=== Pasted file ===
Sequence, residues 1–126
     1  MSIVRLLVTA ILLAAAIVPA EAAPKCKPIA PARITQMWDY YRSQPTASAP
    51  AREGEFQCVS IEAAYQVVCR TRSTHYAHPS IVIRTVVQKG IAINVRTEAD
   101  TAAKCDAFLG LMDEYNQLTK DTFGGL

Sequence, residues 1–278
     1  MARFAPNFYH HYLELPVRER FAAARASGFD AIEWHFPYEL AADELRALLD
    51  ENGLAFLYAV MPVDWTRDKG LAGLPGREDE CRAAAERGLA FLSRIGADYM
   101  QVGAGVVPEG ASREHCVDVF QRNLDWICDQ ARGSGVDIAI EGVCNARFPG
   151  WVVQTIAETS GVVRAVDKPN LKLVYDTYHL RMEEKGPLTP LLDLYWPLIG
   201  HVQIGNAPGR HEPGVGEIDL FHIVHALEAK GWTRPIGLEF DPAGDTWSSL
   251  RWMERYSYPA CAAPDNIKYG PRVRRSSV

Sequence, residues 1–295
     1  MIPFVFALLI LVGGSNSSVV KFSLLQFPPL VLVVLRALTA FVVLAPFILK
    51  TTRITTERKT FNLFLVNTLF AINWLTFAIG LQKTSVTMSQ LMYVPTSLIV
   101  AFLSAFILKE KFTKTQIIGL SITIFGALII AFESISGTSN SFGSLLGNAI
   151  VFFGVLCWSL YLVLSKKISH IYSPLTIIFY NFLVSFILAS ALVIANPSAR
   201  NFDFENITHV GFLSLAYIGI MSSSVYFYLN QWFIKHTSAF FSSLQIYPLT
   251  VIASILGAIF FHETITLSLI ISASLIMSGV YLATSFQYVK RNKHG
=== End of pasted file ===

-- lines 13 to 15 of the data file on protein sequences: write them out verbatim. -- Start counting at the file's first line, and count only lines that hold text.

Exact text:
     1  MIPFVFALLI LVGGSNSSVV KFSLLQFPPL VLVVLRALTA FVVLAPFILK
    51  TTRITTERKT FNLFLVNTLF AINWLTFAIG LQKTSVTMSQ LMYVPTSLIV
   101  AFLSAFILKE KFTKTQIIGL SITIFGALII AFESISGTSN SFGSLLGNAI